By Cameron Rasmusson
It’s been a long time coming, but the Schweitzer Cutoff Roundabout public art project is installed and making waves on social media.
Installed at the beginning of the month, the artwork is a stainless steel structure with a blue interior and an orbital finish. Named Celestial Sierra, the sculpture is intended to evoke images essential to Sandpoint’s character, including its mountains, lake and skiing culture. As with previous public art installation, the piece has provoked spirited debate on social media. Some find the sculpture’s abstract design and understated color accents elegant, while others are less impressed.
“Trees, sailboats, mountains. We have it all. Kinda cool it can be viewed as any of those,” commented Christa Francis on a Sandpoint Online Facebook post. “Can’t wait to see it all lit up and reflecting on the snow that will surround it in the winter.”
“Eye sore and is so out of place in this area!” commented Maria Montague-Mahoney immediately afterward.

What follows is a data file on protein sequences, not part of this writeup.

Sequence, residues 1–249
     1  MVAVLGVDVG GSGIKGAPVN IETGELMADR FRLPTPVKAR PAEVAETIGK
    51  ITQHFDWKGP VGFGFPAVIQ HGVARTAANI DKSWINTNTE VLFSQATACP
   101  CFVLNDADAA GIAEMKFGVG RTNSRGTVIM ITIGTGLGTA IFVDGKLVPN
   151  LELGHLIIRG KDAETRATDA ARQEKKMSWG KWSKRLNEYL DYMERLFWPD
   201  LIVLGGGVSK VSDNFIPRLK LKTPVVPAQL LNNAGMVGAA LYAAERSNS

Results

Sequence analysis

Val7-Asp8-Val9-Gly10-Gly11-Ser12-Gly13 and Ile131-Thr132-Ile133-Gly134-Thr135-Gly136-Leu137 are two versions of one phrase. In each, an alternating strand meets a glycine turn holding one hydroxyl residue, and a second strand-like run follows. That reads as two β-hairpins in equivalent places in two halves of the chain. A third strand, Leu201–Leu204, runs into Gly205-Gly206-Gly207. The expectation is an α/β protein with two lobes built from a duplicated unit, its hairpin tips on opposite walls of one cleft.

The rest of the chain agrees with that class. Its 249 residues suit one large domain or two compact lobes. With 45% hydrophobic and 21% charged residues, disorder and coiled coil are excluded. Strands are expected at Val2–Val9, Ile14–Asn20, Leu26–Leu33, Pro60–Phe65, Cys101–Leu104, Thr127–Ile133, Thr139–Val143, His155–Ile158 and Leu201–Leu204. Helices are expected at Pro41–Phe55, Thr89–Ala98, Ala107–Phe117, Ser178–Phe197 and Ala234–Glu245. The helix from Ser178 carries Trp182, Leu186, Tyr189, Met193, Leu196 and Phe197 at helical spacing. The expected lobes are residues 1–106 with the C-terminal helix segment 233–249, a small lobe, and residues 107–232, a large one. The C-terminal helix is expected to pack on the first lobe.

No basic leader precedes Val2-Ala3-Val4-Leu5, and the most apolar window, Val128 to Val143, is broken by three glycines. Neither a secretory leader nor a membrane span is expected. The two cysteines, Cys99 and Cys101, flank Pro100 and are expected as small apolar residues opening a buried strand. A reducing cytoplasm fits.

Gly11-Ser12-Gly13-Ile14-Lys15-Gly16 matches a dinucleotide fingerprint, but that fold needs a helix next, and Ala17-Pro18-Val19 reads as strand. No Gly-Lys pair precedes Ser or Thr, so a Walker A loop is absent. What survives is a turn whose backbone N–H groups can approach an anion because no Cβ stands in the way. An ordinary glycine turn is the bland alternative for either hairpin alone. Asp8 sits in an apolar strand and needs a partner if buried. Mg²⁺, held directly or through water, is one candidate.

The design was approved by the Sandpoint City Council almost exactly a year ago after a robust selection process by the Sandpoint Arts Commission. Narrowing down the project proposals was a task in its own right. The commission received 150 responses to its request for proposals, 73 of which advanced for more serious consideration. Seattle artist Troy Pillow ultimately landed the contract with a proposal that evoked several Sandpoint motifs and echoed the Sand Creek Byway with planned blue lighting.
Altogether, the Schweitzer Cutoff Roundabout public art project cost $90,000, plus another $20,000 for landscaping and other aesthetic improvements. The project was paid for by Sandpoint Urban Renewal Agency.
While we have you ...
... if you appreciate that access to the news, opinion, humor, entertainment and cultural reporting in the Sandpoint Reader is freely available in our print newspaper as well as here on our website, we have a favor to ask. The Reader is locally owned and free of the large corporate, big-money influence that affects so much of the media today. We're supported entirely by our valued advertisers and readers. We're committed to continued free access to our paper and our website here with NO PAYWALL - period. But of course, it does cost money to produce the Reader. If you're a reader who appreciates the value of an independent, local news source, we hope you'll consider a voluntary contribution. You can help support the Reader for as little as $1.
You can contribute at either Paypal or Patreon.Contribute at Patreon Contribute at Paypal